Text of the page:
Your company has set policies & procedures for many sundry items to attempt to help the company operate smoothly and efficiently. So the same should be for workplace violence (WPV) and other such security issues. That little thing that many forget about is a threat assessment team or group.
A TAT should be formed to deal with any threats of a personnel nature within the company. It will be a place to formulate policy and procedure as well as dealing with specific threats to both the company and individual employees. Whether that threat come from an angry union member aimed the General Manager during a strike, supervisor/employee because of disciplinary action, or significant other, angry because of child custody or divorce.
Hopefully in these next two posts I will give you some useful guidelines in beginning to formulate and start your own group. And it really shouldn’t matter that you work in a branch location of a larger company i.e. a warehouse of a manufacturing plant located 20, hundreds or thousands of, miles away or one of a group of medical facilities scattered throughout a city, each of them deserve their own TAT.
Forming the Team:
Ideally this should fall to someone within the security department or human resources. If your security force is contracted then it may be necessary to utilize the HR department, but don’t leave security out of the equation.
You must, absolutely must, ensure that the people picked for your TAT are team players. Each and every person may have their own agenda in participating. They have to put aside their own departments, squabbles, fiefdoms, and issues with others and work together.
A cross section of the company is the best approach to this. Literally someone from each and every department and all shifts should be represented. That sounds all good, but you can’t be effective if 50 people are in every meeting, so try to keep it to 7 – 10 people, 15 at the absolute most. Who should be represented?
- Hourly employees –Union or not, who knows their co-workers better?
- Department managers & Mid-level supervisors –Who knows the employees almost as well?
- security, contracted (preferably those on-site not branch management) or proprietary, loss prevention, and/or risk management
- Shipping – Those dealing with outside delivery people as well as moving product out of the facility on a daily basis…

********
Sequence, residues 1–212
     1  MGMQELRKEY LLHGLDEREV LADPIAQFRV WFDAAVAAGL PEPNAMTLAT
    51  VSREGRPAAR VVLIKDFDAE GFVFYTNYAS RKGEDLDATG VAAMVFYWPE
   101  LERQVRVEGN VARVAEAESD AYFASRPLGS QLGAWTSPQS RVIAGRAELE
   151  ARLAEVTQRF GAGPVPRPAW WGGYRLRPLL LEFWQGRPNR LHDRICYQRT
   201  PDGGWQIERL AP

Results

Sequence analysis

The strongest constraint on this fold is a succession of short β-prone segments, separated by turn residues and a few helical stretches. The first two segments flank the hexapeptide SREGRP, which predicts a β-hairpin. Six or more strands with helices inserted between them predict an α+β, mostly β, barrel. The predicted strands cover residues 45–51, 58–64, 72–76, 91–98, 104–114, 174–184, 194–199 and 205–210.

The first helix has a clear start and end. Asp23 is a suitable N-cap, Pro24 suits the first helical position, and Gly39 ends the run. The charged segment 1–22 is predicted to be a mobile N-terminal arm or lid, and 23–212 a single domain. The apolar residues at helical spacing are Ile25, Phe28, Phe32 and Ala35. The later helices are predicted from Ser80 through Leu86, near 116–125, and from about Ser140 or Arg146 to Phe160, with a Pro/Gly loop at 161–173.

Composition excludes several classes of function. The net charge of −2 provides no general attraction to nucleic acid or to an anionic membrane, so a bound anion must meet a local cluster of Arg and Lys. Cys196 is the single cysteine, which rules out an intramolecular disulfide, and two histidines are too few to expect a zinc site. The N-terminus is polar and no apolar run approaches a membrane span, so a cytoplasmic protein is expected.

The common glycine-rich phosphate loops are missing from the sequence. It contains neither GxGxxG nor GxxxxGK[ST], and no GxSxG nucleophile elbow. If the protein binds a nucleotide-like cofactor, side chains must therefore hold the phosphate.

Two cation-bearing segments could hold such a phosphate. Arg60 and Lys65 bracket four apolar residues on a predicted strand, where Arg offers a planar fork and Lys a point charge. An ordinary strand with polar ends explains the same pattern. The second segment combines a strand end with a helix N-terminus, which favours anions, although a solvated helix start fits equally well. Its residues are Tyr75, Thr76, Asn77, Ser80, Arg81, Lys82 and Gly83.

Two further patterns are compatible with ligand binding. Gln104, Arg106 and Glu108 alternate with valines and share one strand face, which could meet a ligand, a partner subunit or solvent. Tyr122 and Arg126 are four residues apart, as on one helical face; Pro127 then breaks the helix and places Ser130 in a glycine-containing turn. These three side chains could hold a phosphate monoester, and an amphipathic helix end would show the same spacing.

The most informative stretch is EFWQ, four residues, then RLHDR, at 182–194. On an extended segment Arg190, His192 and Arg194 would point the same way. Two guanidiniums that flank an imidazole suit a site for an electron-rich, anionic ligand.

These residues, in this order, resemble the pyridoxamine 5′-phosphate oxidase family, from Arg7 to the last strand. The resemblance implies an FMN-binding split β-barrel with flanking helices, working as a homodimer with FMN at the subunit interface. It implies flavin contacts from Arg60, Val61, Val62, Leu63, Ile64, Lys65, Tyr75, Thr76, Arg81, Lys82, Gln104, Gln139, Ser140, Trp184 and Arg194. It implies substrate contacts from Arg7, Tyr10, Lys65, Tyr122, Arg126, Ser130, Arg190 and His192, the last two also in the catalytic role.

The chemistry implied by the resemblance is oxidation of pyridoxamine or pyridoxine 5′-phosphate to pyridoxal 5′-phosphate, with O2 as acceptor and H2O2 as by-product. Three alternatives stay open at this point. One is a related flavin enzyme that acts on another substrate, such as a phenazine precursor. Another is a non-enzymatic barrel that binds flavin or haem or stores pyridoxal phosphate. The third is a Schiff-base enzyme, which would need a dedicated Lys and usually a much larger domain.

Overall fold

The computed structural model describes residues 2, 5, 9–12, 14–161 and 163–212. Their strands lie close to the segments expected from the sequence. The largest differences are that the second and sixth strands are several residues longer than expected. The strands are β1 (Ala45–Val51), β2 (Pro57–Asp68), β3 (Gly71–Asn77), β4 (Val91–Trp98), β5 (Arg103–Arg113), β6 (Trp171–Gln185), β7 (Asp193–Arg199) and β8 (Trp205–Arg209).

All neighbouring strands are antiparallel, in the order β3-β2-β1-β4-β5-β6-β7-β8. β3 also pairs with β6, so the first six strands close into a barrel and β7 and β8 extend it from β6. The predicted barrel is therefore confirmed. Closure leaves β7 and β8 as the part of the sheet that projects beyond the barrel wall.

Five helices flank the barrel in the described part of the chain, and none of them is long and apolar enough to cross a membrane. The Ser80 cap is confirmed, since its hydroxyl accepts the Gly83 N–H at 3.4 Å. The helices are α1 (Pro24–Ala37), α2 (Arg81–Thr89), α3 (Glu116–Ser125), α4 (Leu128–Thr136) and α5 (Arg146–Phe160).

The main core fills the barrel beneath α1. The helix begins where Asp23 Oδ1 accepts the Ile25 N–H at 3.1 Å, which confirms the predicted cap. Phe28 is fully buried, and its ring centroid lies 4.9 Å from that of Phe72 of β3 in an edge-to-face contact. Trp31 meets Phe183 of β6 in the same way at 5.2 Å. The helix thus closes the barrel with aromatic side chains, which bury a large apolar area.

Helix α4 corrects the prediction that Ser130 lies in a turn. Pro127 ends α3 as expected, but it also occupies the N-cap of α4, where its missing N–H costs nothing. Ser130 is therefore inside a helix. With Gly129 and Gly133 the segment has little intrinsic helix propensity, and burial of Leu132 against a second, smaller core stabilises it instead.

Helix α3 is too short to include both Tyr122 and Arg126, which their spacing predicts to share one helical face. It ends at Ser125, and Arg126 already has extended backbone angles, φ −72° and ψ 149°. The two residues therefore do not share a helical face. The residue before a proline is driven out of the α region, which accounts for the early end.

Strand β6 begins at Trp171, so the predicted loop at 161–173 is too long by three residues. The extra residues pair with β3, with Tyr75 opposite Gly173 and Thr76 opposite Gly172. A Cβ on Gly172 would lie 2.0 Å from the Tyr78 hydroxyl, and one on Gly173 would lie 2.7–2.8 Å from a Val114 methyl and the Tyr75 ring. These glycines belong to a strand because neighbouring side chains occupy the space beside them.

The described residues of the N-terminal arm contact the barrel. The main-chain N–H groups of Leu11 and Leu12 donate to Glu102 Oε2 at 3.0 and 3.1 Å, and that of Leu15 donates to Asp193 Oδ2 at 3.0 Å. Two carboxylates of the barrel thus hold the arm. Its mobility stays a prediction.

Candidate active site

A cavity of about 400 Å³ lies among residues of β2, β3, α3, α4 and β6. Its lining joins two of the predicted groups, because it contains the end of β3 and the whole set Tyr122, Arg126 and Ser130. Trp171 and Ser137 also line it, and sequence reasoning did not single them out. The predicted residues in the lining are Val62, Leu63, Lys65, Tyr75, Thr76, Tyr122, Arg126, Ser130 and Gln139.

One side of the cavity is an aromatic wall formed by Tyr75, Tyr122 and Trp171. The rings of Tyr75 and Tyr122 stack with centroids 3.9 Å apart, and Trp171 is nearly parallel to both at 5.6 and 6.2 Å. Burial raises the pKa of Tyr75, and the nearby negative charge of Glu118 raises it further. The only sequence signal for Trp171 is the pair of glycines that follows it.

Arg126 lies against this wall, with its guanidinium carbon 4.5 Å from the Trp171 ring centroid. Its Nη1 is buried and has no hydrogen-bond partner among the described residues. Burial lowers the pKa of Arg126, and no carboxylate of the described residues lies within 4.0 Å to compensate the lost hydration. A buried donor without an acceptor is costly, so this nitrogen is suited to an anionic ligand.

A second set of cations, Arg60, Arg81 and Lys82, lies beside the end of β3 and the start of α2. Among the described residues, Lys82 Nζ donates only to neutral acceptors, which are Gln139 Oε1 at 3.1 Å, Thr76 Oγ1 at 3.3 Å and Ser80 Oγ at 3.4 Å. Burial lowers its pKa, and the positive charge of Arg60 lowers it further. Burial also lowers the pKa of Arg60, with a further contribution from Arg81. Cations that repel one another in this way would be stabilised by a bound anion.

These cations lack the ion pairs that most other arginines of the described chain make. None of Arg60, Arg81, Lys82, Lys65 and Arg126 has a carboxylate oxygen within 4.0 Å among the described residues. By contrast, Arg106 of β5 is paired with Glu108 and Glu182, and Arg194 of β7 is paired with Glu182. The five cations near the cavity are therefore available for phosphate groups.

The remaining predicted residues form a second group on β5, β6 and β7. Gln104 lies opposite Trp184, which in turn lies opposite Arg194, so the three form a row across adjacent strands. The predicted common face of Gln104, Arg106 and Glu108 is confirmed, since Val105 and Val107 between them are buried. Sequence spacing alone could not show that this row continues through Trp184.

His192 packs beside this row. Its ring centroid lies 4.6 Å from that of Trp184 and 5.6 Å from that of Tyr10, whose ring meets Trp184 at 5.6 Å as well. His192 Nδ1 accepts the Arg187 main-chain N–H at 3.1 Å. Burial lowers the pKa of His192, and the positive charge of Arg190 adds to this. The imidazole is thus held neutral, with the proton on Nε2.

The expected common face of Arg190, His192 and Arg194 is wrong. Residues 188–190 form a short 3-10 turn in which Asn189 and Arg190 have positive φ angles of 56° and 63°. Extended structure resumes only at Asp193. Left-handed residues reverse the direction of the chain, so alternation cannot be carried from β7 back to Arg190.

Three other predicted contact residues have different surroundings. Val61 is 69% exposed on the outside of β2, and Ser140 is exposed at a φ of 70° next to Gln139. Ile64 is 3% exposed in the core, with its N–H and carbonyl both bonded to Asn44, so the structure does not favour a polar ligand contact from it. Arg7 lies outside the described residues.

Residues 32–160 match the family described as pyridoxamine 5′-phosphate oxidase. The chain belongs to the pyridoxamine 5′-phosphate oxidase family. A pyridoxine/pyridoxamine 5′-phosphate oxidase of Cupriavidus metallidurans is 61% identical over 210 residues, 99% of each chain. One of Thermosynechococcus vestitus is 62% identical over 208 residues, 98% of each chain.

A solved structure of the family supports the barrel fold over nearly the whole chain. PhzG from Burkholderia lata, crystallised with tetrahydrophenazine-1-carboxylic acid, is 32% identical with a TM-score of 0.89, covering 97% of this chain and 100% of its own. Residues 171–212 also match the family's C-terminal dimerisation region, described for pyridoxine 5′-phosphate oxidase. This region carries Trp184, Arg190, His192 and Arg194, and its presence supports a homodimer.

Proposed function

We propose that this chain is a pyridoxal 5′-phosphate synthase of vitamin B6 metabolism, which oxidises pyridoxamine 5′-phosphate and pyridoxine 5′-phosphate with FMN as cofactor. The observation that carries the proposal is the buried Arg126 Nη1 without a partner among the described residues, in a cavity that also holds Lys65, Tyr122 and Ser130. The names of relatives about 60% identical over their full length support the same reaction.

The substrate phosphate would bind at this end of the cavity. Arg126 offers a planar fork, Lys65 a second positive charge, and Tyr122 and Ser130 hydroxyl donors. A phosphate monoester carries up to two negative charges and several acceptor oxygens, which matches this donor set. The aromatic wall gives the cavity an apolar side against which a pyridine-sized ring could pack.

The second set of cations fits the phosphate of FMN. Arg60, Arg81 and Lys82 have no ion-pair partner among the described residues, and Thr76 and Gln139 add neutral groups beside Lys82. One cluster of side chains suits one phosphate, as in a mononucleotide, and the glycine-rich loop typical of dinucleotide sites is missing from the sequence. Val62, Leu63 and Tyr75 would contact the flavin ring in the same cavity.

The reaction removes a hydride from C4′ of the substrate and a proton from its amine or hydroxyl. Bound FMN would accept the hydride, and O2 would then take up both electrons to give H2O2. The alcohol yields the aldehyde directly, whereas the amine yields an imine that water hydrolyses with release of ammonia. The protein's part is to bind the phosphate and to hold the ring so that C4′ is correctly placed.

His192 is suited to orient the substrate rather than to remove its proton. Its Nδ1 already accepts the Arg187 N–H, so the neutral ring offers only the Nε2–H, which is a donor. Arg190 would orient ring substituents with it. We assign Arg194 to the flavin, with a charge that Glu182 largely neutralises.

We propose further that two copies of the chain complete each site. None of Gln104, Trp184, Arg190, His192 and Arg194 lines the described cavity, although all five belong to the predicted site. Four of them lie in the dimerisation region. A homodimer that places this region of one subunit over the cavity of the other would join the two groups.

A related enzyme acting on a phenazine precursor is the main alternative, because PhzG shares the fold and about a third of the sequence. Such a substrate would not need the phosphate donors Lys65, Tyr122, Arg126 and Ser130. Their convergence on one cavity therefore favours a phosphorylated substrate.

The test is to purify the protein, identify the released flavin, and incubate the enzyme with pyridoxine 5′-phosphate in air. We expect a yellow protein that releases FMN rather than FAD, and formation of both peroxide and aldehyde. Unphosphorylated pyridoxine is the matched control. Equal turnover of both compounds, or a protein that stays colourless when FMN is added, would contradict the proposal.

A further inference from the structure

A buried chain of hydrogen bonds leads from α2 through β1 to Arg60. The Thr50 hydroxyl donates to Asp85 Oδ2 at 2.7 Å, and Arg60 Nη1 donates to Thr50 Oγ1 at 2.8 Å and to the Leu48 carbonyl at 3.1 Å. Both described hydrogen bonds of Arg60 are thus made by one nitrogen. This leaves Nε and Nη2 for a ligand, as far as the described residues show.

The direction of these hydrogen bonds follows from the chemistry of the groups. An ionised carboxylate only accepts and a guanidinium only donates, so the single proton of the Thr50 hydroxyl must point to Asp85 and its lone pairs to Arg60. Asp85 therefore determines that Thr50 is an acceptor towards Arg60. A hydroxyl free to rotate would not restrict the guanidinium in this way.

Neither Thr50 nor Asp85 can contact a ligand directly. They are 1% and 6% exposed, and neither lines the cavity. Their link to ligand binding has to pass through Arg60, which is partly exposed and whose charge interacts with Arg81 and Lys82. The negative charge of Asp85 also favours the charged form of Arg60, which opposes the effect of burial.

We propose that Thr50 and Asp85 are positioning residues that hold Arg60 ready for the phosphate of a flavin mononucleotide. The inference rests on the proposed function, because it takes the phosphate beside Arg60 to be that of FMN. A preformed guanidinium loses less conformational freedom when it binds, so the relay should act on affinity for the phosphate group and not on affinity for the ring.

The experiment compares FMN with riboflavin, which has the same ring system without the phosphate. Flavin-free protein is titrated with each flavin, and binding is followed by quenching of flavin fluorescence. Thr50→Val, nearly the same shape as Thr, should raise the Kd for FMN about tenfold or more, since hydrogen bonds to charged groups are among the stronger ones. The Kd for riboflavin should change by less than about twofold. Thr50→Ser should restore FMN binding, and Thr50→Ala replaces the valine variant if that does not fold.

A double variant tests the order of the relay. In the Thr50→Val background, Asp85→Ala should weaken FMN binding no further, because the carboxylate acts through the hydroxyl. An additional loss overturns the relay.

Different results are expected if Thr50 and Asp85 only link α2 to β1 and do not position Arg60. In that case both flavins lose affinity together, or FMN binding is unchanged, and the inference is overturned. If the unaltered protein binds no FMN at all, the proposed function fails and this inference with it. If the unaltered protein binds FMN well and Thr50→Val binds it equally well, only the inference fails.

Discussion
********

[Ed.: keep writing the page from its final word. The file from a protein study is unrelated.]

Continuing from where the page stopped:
- Human resources & Office personnel – They will notice visitors who are acting strangely or notice former employees first
- Legal – Unfortunately, they will tell you what you can, or more likely, can’t do, even if it interferes with efficient operation of the team and its objectives
- Medical – In a violent incident they will need you to know what to do
- General Manager – We will talk about this in more detail a bit later
- Information Technologies – They can help with the warning systems as well as if the threat is cyber based
- Maintenance & Housekeeping – Who will know more than them about every entry/exit point of the building and where the best improvised weapons can be found?
This is obviously not an all-inclusive list but I’m sure you get the idea. Another aspect you need to plan for is that everyone chosen for the team is there at every meeting, unless they are sick or on vacation.
The team’s first directive should be to review all aspects of the company’s crisis management plan, disaster recovery plans (CMT & DRP), and risk analysis with surveys and assessments. If you have none of these…then you need to get them to review.
The main function of getting these materials is not just to review them but to analyze them in depth. Question the findings and recommendations until the team are satisfied with their results in defining them to ensure accuracy, simplicity, effectiveness, and efficiency.
Again your TAT needs to read, revise, and re-define every single aspect of your CMT, DRP, and other such factors as necessary to ensure that the business is as safe as it can be. This may also mean stepping on the toes of departmental heads and managers. Not trying to upset anyone, but to make the business safer.
Simply put nothing should be left off the table when it comes to the TAT review. Every sacred cow needs to be re-visited and possibly put out to pasture if it’s outdated or not plausible anymore. No matter how much it’s liked or utilized. If it won’t work because it’s outdated then slaughter it.
From security to shipping to office visitors to delivery people everything has to be analyzed. One question they can ask themselves during the initial phase of the group is simple and at the same time hard to answer. And no matter how trivial the team members may think it is, it needs to be brought up and discussed.
Think like a criminal bent on gaining access and doing harm and damage to the business and its employees. The threat may be from any number of sources and that means that that question needs to be asked more than once.
The second responsibility of the team is to gather and assess all threats and violence from within the business. Even if there are none to speak of, they still need to meet and discuss other such incidents from the surrounding area and industry. This will allow the team to become pro-active in seeing and confronting any potential problems or trends within the company or industry.
Discussing other incidents gives you the benefit of hind-sight – to see what other companies did, and didn’t do. It allows you to clearly see what works and what doesn’t or may/may not work for you with some tweaking.
(The 2nd part of this post will be next week:
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